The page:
To counter these obstacles, Andrews pays newcomers at least $20 an hour to start. He has instituted what he calls a “piece rate” pay plan that incentivizes those who are fully engaged in the work and get the jobs done correctly and efficiently. Essentially, the harder you work, the more you make. To get his installers up to speed, the newer workers are paired with those who are more experienced. Rookies also attend formal training sessions throughout the year. And that’s just the technical side of things.

Personalities are also important to a retailer’s business. “[Installers] need to be personable and know how to carry themselves in a customer’s home,” Andrews said. “There are flooring installers out there but are they the ones you want? We go through an interview, review previous jobs they’ve done and if everything checks out we will try them on a small, easily manageable—fixable, if necessary—project. Through that we have found some great subcontractors who we use to supplement our hourly crews. But we have also weeded out a lot of guys who I would never send to a customer’s house.”

Allwein’s doesn’t have any magical formula for attracting new installers; word of mouth is a time-tested method that still works best. Andrews also uses Indeed.com. Once hired, the goal is to take care of installers monetarily and emotionally. “We make them feel as though they are part of the team because they are,” he said. “Without them, we lose what makes us different.”

Jim Walters, President
Macco’s Flooring, Green Bay, Wis.
As a business, Macco’s approach is to upsell to higher-end goods and stay away from the proverbial race to the bottom. That ties in with installation, according to Walters. “With limited installation time, we need to install better quality goods but also work hard to give our customers the best value possible,” he explained. “Our unemployment rate is below the national average and when we run help-wanted advertising we find a lot of people who are not employable. So the old, traditional methods do not work. We’ve found our best success to be referrals from our existing workforce. However, it is a lot of trial and error.”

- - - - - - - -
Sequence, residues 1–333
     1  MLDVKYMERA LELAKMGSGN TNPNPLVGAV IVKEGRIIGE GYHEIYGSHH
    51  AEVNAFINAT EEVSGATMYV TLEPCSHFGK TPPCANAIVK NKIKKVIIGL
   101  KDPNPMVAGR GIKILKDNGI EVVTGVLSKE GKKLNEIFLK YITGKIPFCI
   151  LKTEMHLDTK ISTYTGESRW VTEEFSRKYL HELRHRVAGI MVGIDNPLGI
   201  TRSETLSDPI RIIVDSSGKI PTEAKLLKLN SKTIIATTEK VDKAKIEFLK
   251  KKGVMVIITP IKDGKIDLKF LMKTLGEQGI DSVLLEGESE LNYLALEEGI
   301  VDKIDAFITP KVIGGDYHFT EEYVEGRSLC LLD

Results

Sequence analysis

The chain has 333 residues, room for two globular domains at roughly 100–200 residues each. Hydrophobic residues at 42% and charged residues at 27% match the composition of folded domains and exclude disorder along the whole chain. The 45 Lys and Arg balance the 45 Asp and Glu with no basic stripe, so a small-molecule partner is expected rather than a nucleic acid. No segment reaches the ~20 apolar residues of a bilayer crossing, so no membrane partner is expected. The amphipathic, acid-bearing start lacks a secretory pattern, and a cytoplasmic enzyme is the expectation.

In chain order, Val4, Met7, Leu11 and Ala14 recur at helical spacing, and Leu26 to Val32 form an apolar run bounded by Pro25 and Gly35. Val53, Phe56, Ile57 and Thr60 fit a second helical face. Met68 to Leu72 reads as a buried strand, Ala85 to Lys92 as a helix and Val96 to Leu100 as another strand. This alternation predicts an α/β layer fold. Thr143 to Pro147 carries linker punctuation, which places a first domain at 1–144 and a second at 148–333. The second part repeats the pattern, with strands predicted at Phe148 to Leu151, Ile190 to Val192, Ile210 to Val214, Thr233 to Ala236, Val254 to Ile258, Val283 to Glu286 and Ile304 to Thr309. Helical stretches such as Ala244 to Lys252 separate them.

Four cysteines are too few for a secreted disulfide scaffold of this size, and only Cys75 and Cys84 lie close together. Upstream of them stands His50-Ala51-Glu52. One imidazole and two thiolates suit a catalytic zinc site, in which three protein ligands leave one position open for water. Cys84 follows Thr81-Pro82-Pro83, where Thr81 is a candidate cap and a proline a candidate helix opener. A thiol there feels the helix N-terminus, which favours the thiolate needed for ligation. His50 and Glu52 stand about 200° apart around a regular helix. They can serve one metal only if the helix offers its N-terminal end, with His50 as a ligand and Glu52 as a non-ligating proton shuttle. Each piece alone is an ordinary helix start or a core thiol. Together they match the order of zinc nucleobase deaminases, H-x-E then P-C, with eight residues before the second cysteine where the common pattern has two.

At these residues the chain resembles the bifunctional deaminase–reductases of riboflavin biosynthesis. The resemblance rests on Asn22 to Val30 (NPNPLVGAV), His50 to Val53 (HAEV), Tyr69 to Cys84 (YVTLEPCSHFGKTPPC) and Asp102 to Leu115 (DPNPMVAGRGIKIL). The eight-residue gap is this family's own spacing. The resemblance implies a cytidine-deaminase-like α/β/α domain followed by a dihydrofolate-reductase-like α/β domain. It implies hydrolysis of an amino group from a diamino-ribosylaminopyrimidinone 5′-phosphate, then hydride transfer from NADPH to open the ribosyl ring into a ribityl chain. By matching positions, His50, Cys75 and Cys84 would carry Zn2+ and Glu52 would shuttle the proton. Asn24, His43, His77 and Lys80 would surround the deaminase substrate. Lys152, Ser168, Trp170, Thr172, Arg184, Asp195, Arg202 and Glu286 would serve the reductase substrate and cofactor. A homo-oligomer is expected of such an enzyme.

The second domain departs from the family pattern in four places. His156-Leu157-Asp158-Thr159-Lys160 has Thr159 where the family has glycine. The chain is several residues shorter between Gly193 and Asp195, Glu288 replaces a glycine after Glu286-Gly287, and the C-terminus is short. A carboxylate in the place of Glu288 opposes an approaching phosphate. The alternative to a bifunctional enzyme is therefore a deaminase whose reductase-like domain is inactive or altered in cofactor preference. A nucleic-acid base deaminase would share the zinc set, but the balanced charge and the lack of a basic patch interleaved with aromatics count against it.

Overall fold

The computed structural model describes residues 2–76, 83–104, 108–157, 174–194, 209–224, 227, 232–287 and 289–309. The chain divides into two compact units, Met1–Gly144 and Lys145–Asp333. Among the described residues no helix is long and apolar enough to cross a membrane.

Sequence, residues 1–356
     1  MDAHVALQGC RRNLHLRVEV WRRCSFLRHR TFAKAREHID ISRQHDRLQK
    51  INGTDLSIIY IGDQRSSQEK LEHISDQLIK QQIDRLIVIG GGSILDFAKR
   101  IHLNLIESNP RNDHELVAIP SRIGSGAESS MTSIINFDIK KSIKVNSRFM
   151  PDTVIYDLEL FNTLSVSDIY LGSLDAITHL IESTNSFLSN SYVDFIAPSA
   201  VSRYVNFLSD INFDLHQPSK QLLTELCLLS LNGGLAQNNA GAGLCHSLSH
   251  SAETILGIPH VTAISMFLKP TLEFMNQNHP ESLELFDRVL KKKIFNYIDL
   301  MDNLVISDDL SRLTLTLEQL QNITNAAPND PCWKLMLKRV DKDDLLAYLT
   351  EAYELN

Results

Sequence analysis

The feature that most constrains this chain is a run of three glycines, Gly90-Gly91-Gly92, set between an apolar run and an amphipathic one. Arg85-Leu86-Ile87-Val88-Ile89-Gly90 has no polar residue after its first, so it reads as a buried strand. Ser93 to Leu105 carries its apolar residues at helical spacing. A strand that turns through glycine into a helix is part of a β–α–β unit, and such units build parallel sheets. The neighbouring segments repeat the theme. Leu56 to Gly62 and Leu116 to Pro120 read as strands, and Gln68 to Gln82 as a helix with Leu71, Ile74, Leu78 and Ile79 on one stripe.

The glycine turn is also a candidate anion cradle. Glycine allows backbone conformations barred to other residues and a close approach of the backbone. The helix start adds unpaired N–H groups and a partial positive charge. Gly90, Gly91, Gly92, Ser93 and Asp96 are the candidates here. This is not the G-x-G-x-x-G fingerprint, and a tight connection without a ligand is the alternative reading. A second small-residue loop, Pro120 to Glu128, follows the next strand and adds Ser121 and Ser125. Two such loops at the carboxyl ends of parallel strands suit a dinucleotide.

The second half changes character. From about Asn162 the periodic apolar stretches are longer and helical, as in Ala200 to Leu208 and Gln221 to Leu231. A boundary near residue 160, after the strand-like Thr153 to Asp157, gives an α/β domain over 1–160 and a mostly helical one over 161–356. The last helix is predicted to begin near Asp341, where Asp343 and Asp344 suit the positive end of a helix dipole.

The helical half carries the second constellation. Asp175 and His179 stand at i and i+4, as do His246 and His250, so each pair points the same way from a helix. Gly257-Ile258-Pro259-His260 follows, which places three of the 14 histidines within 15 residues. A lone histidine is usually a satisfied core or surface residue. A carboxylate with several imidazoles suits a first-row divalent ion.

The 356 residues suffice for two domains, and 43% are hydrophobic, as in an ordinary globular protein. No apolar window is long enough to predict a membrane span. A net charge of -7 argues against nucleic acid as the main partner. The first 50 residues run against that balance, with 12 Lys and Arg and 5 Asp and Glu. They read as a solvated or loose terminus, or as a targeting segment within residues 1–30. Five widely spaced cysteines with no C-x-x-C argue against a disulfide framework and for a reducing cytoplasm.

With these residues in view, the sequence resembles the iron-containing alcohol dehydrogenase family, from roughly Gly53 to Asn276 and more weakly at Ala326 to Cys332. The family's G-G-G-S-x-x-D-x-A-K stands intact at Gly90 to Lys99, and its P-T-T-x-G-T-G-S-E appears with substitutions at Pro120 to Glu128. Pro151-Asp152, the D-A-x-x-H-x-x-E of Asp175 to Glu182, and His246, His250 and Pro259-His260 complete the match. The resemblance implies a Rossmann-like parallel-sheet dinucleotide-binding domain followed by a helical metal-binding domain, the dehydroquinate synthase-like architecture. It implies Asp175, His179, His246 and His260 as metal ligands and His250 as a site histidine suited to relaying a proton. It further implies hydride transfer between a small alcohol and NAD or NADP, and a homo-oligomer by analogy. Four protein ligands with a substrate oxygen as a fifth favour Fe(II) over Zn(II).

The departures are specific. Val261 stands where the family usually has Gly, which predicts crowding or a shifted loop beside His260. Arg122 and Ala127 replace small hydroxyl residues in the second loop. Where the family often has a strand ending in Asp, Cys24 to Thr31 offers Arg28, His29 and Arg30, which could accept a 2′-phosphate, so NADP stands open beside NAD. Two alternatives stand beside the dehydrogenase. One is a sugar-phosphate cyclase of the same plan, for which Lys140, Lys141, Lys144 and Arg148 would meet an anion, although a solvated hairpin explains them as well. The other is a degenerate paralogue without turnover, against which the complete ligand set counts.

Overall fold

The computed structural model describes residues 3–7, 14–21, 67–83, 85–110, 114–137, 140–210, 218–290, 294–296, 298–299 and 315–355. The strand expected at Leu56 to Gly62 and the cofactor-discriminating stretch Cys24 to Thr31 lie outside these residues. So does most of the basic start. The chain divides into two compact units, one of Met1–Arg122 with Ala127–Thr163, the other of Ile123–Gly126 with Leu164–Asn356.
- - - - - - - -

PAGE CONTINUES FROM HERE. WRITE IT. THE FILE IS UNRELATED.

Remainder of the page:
Macco’s installers are thoroughly trained, and the retailer takes advantage of installation training certification programs offered by manufacturers to ensure expertise and the most up-to-date information. The company even touts its installation services in the “About Us” section of its website.

Tim Jacobi, Owner
Jacobi Carpet One, Hastings, Neb.
Finding installers in central Nebraska, where the unemployment rate (2.8%) is among the lowest in the country, is akin to finding a needle in a cornfield. Tim Jacobi, who operates stores in the towns of Kearney and Hastings, can attest to this challenge. “There is nobody here to hire. We turn over every rock we can and look for people who want to work and want to learn.”

During times like these, it is important to have a reputation like Jacobi’s: He is known for a structured apprenticeship program that rewards good installers. “We have subs and employees—six in all to cover Kearney and Hastings. One of our journeymen, who is salaried and on staff, works as a trainer. He goes out in the field working with an apprentice or two and gets them up to a certain level. We work with the WFCA and CFI on ongoing training, and we are working with Central Community College.”

Central Community College, with branch campuses in the same locations as Jacobi Carpet One, does not offer flooring installation as part of its curriculum. However, Jacobi has forged a relationship with the dean of students, allowing him to visit the school and talk to students about the installation trade. “We just have to find the students,” he noted. “It’s important to find new blood because the good independent installers are busy all the time and are making good incomes.”